Response to the Ocean Ranger Disaster For much of its history, Newfoundland and Labrador have been dependent on the fishery. Efforts to diversify the economy and create mining, forestry, manufacturing and agricultural industries have been undertaken, but with mixed results.
The 84 men on board made desperate attempts to escape and some did make it to a lifeboat, but given the blowing snow, high winds and waves more than 15 metres high, it proved impossible to launch some life rafts or inflate others.
Lifeboat Number 1 would not release and was damaged when the waves threw the boat against the platform. Lifeboat Number 2 could not be used because of the list of the platform. Lifeboat Number 3 would not completely release and was also severely damaged when it was thrown against the platform by the waves.
Lifeboat Number 4 was lowered and crushed against the platform. In the case of Lifeboat Number 5 numerous crew members declined to enter the boat because they feared it would be crushed against the platform.
This boat capsized when the platform sank and was subsequently righted by a crew member who swam to the boat. Many men were The ocean ranger floating in the sea after the Ocean Ranger was abandoned.
While some may have entered the water as a consequence of a lifeboat capsizing, others may have entered as a consequence of either an unsuccessful lifeboat launching or they may have simply chosen to jump into the water rather than utilize the davit launched lifeboats.
The rescue efforts made by the crews of the three standby boats failed to save any of these men. The recovery techniques, which failed, included the use of ring lifebuoys, the deployment of rafts and the use of grappling hooks. At times the victims were endangered by the propellers of the standby boats.
It also arranged for helicopters and an Aurora to fly to the scene in the morning. Conditions were much too bad for the helicopters to fly during the night and so bad that the Aurora was needed to monitor the helicopters to prevent their colliding.
One supply ship came close to a lifeboat carrying eight or nine survivors but the weather prevented them from rescuing those men and the lifeboat capsized while the rescue ship was alongside.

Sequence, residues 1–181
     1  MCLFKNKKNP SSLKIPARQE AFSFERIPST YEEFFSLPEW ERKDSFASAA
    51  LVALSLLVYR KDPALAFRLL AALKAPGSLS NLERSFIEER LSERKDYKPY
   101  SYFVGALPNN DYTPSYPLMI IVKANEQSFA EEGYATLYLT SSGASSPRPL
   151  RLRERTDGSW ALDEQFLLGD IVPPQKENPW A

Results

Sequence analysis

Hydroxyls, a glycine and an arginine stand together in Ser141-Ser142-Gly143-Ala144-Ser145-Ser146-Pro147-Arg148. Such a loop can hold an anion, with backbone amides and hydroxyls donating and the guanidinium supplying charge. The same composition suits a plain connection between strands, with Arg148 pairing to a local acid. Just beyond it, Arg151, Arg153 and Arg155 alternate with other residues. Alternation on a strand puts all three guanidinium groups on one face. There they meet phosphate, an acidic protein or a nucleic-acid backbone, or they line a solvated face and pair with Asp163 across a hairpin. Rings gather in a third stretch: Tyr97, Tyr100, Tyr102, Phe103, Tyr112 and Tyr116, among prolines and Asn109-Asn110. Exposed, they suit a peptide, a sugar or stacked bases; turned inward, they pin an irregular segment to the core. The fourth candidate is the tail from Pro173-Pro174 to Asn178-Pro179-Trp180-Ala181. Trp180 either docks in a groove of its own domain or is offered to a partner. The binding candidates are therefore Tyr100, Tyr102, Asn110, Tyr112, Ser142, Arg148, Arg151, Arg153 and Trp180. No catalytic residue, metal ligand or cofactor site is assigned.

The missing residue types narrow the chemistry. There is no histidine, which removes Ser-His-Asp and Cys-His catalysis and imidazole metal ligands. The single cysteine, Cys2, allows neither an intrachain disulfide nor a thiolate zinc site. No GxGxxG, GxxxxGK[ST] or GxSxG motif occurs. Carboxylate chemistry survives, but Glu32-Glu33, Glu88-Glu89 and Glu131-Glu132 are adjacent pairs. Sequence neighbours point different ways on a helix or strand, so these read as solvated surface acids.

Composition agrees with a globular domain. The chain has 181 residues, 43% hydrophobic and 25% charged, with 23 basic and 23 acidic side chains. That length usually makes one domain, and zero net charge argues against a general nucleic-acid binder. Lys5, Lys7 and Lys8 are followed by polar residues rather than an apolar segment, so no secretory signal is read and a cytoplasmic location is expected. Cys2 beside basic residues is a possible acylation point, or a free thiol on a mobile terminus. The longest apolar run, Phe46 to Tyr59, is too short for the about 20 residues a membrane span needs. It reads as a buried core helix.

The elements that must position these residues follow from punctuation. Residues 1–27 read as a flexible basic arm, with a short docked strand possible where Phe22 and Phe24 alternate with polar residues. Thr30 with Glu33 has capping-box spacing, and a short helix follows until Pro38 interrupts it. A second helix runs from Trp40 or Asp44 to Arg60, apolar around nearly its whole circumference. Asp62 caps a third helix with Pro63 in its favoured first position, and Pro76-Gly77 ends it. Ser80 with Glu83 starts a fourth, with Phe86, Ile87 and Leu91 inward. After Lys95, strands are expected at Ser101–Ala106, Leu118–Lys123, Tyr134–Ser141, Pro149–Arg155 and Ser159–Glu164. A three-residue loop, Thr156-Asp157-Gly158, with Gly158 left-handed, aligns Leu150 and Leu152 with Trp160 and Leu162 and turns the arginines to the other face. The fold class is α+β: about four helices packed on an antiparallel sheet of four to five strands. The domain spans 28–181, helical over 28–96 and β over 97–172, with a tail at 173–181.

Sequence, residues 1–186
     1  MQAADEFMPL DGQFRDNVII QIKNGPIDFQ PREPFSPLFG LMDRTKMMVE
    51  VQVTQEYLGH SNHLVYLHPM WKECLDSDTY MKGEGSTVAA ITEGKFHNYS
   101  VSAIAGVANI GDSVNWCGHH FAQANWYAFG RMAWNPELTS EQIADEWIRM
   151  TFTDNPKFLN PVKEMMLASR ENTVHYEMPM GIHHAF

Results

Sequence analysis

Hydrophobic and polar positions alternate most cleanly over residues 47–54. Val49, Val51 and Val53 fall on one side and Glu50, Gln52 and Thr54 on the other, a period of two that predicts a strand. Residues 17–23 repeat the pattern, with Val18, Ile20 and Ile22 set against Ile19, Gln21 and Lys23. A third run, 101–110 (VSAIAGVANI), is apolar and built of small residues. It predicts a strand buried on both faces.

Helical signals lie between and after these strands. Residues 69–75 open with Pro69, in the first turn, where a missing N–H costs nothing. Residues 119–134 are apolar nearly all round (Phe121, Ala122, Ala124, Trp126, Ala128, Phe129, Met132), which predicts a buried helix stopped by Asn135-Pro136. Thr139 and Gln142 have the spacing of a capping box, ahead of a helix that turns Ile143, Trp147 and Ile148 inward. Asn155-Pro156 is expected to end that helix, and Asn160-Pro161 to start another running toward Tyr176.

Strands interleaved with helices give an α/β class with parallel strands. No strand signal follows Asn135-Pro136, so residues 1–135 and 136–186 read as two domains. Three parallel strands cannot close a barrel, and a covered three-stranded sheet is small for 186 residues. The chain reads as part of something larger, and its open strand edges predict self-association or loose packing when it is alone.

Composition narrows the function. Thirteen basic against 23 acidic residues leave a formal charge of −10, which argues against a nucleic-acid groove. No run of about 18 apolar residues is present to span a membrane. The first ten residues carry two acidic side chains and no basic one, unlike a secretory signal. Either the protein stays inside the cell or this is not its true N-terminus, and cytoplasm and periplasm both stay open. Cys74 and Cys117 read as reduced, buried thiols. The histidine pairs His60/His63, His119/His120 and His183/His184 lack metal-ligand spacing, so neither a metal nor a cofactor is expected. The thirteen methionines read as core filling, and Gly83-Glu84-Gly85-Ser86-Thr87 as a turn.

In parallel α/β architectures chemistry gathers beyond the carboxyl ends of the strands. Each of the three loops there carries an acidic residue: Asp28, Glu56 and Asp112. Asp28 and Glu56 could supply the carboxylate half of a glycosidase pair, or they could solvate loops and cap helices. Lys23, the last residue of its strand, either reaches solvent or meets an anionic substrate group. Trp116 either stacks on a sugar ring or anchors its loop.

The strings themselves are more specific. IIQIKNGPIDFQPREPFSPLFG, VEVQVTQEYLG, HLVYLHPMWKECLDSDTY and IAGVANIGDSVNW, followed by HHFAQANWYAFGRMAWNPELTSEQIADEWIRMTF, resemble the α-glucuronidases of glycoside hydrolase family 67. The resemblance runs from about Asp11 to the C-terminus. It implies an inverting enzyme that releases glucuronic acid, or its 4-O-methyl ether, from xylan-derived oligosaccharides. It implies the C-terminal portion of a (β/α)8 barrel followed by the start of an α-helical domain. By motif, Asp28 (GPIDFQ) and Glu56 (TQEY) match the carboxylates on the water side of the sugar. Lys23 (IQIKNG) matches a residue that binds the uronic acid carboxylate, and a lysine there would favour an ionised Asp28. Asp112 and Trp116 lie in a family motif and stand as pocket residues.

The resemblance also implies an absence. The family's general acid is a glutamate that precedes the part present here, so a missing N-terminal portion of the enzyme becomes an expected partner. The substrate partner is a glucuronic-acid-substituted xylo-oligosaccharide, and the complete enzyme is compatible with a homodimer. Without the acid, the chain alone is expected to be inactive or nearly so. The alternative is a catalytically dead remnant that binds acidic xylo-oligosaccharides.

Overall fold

Though the men hung on to their boat briefly, those men, along with every else on board, eventually died. Autopsies showed that all those whose bodies were recovered died of hypothermia. The log of Seaforth Highlander tells just how difficult the conditions were: Lifeboat steams across the stern.
Stays alongside port quarter…. Lifeboat capsizes to port. Numerous bodies sighted — no sign of life — bodies floating head down in the water. Attempts to retrieve another body. Conditions too severe — body comes out of life jacket and sinks. Another, and the only one, body observed to be wearing orange survival suit.
Attempts to retrieve body. Life jacket comes off — body sinks. Mike Clarke, pilot of a search and rescue helicopter from Gander, described the dangerous conditions in which a man was lowered in a howling gale to try to retrieve the first man they saw, who was already dead.
Wind-driven snow and waves estimated at 16 metres made the effort futile. The Royal Commission of the Ocean Ranger Marine Disaster describes the horrendous conditions under which rescue efforts were made: When a helicopter landed for re-fueling on another rig it took off again very soon because that rig was pitching so much in the heavy seas, the helicopter crew was becoming seasick….
We spent some time vectoring the resupply vessels to the bodies and empty life rafts however this was abandoned when it became clear the ships themselves were having a difficult time just surviving and for a seaman to come out on deck would be suicide…. Once over the search area, steady winds of 75 knots kilometres and very heavy seas made searching difficult and, when bodies were spotted, recovery of them was impossible….
It was evident from the condition of destroyed fibreglass lifeboats and partially inflated life rafts that little time was afforded the crew of the rig to abandon her.
A shot taken when the Ocean Ranger was in Alaska. The US firm that owned the rig, Odeco, closed its doors and declined comment on advice from counsel. Mason, the president of the operating company Mobil, flew in immediately from Calgary and told a news conference just how bad things were: I cannot hold out much hope for survivors.
Then she set up two call centres: Some of the less skilled employees lived in boarding houses:The Ocean Ranger was the second of three offshore oil disasters during the s – the other two were in the North Sea, near the U.K.
CBC's Journalistic Standards and Practices | About CBC News. Ocean Ranger. On 15 February , the world's largest semisubmersible drill rig, Ocean Ranger, capsized and sank in a fierce storm on the Grand Banks with the loss of all 84 crew members, 56 of whom were Newfoundlanders.
May 14, · A documentary about the tragic loss of the oil rig the Ocean Ranger off the coast of Newfoundland on Valentines Day Produced by Cinenova Productions for . The Ocean Ranger The Ocean Ranger was an offshore exploration oil drilling platform that sank in Canadian waters kilometres southeast from St.
John's Newfoundland, on the Grand Banks of Newfoundland on February 15, , with 84 crewmembers onboard.4/4(1). On February 15, , the oil rig Ocean Ranger capsized and sank in the Atlantic Ocean. The 84 men on board made desperate attempts to escape and some did make it to a lifeboat, but given the blowing snow, high winds and waves more than 15 metres high, it .
On February 15, , the oil rig Ocean Ranger sank off the coast of Newfoundland taking the entire crew of eighty-four men – including the author’s brother – down with it.